Alice might take the assets and disappear.
Alice might spend the assets and pretend that she still has them (fractional model).
Alice might store the assets insecurely and they'll get stolen.
Alice might give the assets to someone else by mistake or by force.
Alice might lose access to the assets.
But "no worries", Alice has a custodian named Bob. Bob is dressed in a nice suit. He knows some politicians. And he drives a Porsche. "So you have nothing to worry about!". And look at all the benefits we get:
Alice can't take the assets and disappear (unless she asks Bob or never gives them to Bob).
Alice can't spend the assets and pretend that she still has them. (Unless she didn't give them to Bob or asks him for them.)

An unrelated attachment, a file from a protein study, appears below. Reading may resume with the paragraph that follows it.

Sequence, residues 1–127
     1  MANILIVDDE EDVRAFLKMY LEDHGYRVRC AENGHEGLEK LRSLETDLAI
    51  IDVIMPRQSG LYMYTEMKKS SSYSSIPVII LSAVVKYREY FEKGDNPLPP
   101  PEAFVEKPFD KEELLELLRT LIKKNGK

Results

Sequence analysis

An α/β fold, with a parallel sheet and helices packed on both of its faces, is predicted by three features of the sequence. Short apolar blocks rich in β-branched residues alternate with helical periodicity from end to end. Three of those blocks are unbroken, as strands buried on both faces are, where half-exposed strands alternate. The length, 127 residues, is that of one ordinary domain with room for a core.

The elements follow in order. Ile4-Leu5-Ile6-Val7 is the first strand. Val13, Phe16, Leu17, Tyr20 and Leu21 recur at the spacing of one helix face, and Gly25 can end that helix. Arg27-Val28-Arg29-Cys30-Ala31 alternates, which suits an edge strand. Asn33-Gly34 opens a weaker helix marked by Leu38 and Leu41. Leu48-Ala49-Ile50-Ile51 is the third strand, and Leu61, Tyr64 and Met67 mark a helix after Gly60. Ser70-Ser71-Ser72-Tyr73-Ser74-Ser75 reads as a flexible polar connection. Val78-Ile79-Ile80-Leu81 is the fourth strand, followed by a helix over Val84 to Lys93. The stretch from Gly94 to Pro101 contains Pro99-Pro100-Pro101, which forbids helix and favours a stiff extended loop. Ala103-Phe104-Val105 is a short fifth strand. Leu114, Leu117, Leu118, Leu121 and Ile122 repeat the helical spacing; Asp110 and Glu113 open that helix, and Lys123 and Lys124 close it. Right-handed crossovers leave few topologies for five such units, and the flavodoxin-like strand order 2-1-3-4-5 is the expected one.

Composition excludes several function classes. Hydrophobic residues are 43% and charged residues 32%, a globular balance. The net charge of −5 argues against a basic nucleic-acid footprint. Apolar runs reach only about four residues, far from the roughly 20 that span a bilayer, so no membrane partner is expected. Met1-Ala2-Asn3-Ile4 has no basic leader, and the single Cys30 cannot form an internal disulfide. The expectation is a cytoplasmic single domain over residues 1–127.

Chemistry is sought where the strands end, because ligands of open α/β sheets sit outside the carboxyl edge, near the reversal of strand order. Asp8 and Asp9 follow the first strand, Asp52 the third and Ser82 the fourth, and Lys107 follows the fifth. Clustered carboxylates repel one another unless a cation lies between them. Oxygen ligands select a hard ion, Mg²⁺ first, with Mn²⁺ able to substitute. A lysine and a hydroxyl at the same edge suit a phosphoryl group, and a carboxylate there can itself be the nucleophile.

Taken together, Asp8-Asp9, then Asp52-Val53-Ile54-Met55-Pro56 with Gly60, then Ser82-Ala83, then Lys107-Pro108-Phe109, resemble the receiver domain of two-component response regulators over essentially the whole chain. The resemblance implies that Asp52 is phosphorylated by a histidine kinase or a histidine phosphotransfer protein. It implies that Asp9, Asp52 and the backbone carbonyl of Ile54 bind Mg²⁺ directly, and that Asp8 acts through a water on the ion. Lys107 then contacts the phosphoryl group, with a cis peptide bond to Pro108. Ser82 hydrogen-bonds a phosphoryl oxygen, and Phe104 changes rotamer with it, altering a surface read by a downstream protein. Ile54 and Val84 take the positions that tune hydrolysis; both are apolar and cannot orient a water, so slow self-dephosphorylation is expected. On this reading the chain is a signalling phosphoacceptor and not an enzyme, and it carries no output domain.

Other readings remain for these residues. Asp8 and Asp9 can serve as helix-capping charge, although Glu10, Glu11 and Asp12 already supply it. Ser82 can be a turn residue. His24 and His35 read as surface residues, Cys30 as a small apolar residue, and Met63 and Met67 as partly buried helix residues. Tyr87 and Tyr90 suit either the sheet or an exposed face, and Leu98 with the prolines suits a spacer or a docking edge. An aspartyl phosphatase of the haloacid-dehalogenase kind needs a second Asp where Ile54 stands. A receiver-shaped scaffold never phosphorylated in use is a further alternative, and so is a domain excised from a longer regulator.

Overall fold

Alice can't store the assets insecurely so they get stolen. (After all - she doesn't have any control over the withdrawal process from any of Bob's systems, right?)
Alice can't give the assets to someone else by mistake or by force. (Bob will stop her, right Bob?)
Alice can't lose access to the funds. (She'll always be present, sane, and remember all secrets, right?)
See - all problems are solved! All we have to worry about now is:
Bob might take the assets and disappear.
Bob might spend the assets and pretend that he still has them (fractional model).
Bob might store the assets insecurely and they'll get stolen.
Bob might give the assets to someone else by mistake or by force.
Bob might lose access to the assets.